|Photo by Hollis Nolan|
The Garage, San Francisco
November 9th, 2011
On Wednesday night, The Garage welcomed another edition of its notable RAW program (resident artist workshop), with two new dance works: "Faith" by Ronja Ver and "Lumen/Lux" by Katharine Hawthorne. Both pieces embody the spirit of this special place: thinking outside the box, challenging the norms and making creative performance art.
Ronja Ver has envisioned a three-part piece with "Faith" that expresses a reverse treatment of pain. The first section shows the recovery; the moving forward; the new start, while the second and third scenes deal with past experiences of grief and despair. Performed as solo, Ver exposes herself and these issues with a genuine authenticity.
The opening moments found Ver walking in a slow diagonal from upstage right to downstage left. Each step forward was perfectly articulated with an exaggerated heel-ball-toe. Here was a definitive and direct journey towards something new as opposed to being away from something old. Once she reached her destination, the choreography shifted and became almost puppet-like, yet again, the common denominator of specificity and control was very present. The skeleton moved one part at a time, which brought forth the message: one small thing can and does create change; a deliberate and direct action can affect positively. The opening segment of "Faith" drives home the power of the self and the possibilities that everyone possesses to make their story better.
I would categorize the next two sections as more performance art than dance theater. Much of modern and post-modern choreographic undertakings include these types of non-dance vignettes. While a completely valid choice, performance art has never been a favorite of mine. I find the absurdity and randomness that is often present creates a disconnected narrative and doesn't really speak to the overall goal of the piece.
Katharine Hawthorne's "Lumen/Lux" studies the role and addition of light to movement. Hawthorne's combination of light and choreography yielded a fascinating experiment which both changed movement and affected outcomes. A trio for three dancers (Hawthorne, Megan Wright and Alisha Mitchell), "Lumen/Lux" revealed four important results as Hawthorne injected a flashlight bracelet into her modern dance physicality.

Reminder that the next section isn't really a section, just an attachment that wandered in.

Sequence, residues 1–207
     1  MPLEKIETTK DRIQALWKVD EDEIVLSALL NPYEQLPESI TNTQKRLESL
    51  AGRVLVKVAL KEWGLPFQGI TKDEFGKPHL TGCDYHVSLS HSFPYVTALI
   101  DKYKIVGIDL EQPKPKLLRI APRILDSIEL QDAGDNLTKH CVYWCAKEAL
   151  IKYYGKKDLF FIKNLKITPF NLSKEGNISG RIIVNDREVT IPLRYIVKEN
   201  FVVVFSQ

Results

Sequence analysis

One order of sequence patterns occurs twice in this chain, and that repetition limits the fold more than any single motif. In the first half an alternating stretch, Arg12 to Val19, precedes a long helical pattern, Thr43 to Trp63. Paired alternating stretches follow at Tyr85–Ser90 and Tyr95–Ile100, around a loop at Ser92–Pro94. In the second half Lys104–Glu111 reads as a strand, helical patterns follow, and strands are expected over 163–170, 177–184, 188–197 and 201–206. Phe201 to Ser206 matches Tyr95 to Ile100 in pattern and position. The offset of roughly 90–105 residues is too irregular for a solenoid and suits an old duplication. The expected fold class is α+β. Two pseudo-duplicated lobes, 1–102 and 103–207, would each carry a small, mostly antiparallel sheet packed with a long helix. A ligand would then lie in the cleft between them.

First, the light was able to increase the range of certain movements. A simple circling of the upper body became much bigger as the light worked in concert with the body, mimicking and following the same trajectory. All three dancers had a beautiful serpentine port de corps which was made even more lush with the introduction of light. Dynamic change was the second revelation, where a relatively benign step could take on a radically different quality when illuminated. When lit in a particular way, a sternum lift can go from simple to scary and crawling can be transformed into pained writhing. Third, we saw how the addition of light can work against choreography. This wasn't a bad thing at all - in fact, it was a positive discovery. When a light source is utilized at a specific angle, some of the other physical detail can be camouflaged. It creates a needed uncertainty in the mind of the audience - what did we miss as the light shifted around? In dance and in art, these questions are good. Last, the light in "Lumen/Lux" became an equal contributor to the work. There was an egalitarian quality that made the light like an additional performer or another limb. This was most apparent when one of the dancers was standing still and circling the light bracelet around the space; it was as if another body was running in a circuit.
The only criticism that I had of "Lumen/Lux" was that for anyone who suffers with even the slightest hint of motion sickness (like I do), they might feel a little headachy by the end of the evening. Even though there was no strobe present, the amount of 'moving light' was enough to make me a tiny bit queasy.